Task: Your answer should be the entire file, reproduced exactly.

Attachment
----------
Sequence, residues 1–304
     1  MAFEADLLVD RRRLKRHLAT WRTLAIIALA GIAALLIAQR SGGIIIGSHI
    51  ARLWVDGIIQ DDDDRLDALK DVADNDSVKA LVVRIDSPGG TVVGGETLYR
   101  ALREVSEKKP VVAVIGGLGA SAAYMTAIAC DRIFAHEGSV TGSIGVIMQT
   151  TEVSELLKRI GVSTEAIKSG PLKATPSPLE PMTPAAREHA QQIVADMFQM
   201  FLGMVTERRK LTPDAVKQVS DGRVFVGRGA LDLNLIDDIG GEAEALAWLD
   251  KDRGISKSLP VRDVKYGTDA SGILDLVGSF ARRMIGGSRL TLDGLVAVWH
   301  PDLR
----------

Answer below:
Sequence, residues 1–304
     1  MAFEADLLVD RRRLKRHLAT WRTLAIIALA GIAALLIAQR SGGIIIGSHI
    51  ARLWVDGIIQ DDDDRLDALK DVADNDSVKA LVVRIDSPGG TVVGGETLYR
   101  ALREVSEKKP VVAVIGGLGA SAAYMTAIAC DRIFAHEGSV TGSIGVIMQT
   151  TEVSELLKRI GVSTEAIKSG PLKATPSPLE PMTPAAREHA QQIVADMFQM
   201  FLGMVTERRK LTPDAVKQVS DGRVFVGRGA LDLNLIDDIG GEAEALAWLD
   251  KDRGISKSLP VRDVKYGTDA SGILDLVGSF ARRMIGGSRL TLDGLVAVWH
   301  PDLR